hackers have already been moving in and out of sites related to the
Games, seeking weaknesses they can exploit. The report went on to
indicate that the hackers' main targets will be four massive computer
farms, three in the US and one in Australia, that will carry the
huge traffic expected through Olympic web sites. Corporate sponsors of
the Olympics could also be tempting targets.

International Monetary Fund and World Bank 55th Annual Summit  - Prague,
 Czech Republic, September 26-28, 2000:

September 26, 2000, ("S26") has been identified as a so-called"Global
Day of Action," based on activists' perceptions that the capitalist
system exploits people, societies and the environment for the profit
of a few, and is the prime cause of social and ecological troubles. On
September 26, activists will express their opposition to the World
Bank and the IMF and their policies. The "S26 Global Day of Action"
proceeds from the successes of the previous "Global Days of Action against
capitalism" on June 18 (J18) and November 30 (N30) of last year.
Sabotaging, wrecking, or interfering with infrastructure has been
identified as a possible action in support of S26. Independent media
coverage is being incorporated into the planning of S26 activities.


Despite the limited indications of planned hacktivist activities and
targeting of infrastructures, cyber protest activities in conjunction
with some or all of the five upcoming events discussed here may
occur. This assessment is based on the following:
The increasing use of computer and network direct actions by the
protest and activist community;
 -  Activists planning  global days  of protest have demonstrated
a heightened concern for security;
-  The effectiveness of using computer network attacks by protesters
to deal with opponents at  the national and international level since J18;
-  Events targeted for protest activities all attract media attention
and are highly visible.


The NIPC recommends that recipients monitor their information systems
and networks for computer intrusions during the events listed above.
These actions could take the form of intrusions originating or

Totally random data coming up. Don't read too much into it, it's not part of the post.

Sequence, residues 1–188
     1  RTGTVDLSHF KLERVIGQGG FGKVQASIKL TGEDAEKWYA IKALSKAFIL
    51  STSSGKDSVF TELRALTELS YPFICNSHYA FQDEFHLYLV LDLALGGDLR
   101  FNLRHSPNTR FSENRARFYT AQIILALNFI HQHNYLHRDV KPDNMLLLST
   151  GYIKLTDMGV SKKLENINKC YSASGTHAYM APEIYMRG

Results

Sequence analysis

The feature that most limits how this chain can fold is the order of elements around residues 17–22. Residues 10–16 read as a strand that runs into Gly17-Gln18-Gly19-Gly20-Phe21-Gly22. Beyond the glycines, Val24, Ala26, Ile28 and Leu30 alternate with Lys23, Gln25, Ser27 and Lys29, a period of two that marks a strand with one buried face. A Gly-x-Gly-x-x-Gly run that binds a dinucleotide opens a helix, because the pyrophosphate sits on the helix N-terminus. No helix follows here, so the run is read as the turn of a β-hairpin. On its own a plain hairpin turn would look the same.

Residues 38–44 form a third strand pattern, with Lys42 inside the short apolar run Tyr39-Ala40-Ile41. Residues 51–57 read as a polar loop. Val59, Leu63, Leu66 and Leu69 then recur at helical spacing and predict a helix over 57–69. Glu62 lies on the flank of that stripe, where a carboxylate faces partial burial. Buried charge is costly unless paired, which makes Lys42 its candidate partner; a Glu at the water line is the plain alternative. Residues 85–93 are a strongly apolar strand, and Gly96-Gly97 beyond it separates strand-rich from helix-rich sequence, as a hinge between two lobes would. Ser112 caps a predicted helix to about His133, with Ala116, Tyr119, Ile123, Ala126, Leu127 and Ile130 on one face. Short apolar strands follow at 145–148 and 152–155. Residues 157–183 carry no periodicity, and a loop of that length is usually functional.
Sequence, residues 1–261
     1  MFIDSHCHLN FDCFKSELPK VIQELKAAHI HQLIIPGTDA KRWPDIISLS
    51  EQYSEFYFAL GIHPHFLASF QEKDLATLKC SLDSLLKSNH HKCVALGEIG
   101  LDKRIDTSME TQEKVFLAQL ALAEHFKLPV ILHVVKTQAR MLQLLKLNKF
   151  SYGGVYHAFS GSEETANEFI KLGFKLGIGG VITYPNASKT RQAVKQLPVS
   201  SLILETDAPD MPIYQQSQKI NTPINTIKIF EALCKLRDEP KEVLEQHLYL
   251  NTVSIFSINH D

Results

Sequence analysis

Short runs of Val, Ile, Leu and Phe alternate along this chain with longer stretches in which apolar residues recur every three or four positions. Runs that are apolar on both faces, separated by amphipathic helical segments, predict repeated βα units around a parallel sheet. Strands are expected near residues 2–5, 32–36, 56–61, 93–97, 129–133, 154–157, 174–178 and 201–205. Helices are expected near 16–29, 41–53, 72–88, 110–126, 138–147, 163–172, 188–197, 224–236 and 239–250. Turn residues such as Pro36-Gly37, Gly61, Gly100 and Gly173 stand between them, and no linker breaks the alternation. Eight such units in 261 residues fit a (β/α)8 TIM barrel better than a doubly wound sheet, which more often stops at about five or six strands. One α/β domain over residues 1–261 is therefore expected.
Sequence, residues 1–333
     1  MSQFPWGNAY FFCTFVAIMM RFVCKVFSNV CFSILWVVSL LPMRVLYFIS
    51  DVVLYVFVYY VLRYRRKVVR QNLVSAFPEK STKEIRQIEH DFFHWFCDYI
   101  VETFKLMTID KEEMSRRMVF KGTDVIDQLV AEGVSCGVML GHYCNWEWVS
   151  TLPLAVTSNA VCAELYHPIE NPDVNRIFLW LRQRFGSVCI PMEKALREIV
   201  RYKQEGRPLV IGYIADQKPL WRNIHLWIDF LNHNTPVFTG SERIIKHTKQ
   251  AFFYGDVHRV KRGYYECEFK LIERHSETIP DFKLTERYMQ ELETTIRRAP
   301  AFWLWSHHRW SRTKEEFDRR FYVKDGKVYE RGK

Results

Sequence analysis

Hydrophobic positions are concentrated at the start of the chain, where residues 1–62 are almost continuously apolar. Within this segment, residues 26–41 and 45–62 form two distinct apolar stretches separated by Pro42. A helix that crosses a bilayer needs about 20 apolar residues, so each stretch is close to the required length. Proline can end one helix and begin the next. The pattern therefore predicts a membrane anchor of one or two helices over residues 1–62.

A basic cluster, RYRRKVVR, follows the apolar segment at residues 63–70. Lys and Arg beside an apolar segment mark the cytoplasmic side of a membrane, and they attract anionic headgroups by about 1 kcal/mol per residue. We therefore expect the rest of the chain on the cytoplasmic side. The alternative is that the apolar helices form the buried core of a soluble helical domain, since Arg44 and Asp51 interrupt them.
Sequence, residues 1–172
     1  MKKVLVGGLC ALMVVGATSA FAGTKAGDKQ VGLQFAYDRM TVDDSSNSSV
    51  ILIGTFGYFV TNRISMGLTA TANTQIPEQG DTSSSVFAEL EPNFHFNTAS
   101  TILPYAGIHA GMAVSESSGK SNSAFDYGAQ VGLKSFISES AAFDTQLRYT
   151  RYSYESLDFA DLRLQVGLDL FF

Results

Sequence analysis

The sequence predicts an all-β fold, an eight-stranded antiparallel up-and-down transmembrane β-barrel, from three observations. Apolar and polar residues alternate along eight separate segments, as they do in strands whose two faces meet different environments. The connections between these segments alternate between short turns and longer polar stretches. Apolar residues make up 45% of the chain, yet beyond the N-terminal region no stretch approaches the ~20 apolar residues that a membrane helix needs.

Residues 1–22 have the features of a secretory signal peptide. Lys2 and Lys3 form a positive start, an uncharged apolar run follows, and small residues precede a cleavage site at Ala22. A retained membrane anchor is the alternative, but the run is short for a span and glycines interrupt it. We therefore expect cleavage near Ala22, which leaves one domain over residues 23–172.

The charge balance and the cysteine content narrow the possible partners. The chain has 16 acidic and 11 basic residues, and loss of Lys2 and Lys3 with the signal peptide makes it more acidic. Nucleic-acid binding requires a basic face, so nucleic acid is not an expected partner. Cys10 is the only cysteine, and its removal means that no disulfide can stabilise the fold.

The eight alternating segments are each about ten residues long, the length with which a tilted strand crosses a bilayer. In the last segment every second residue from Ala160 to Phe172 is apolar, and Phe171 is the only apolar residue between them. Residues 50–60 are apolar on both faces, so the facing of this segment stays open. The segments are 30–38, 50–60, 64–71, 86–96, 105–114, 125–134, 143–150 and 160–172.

passing through dial-up connections belonging to both domestic and foreign
Internet service providers, unauthorized system access, unusual or
disruptive E-mail traffic or Web site activity. The effectiveness of
one's computer security procedures should be evaluated. Such
procedures include network intrusion detection, blocking or limiting
unnecessary inbound traffic, regular review of system logs, disabling inactive
user accounts, password and login changes, and ensuring recommended
patches are in place.

Recipients are asked to report, actual or suspected, criminal activity
to their local FBI office or to NIPC, and to your military or civilian
computer incident response group and other law enforcement agencies
as appropriate.  The NIPC website  is located at http://www.nipc.gov.

This FBI Awareness of National Security Issues and Response (ANSIR)
communication is intended for corporate security professionals and
others who have requested to receive unclassified national security
advisories. Individuals who wish to become direct recipients of FBI
ANSIR communications should provide business card information, i.e.
company name, address, phone, fax, etc., to ansir@leo.gov for
processing, with a brief description of the product and/or service
provided by your organization.


Michael S Lancaster
Assistant Director
Strategic Assessment Center
1710 SAIC Dr McLean VA 22102
703.676.5767 (v) 703.676.4829 (f)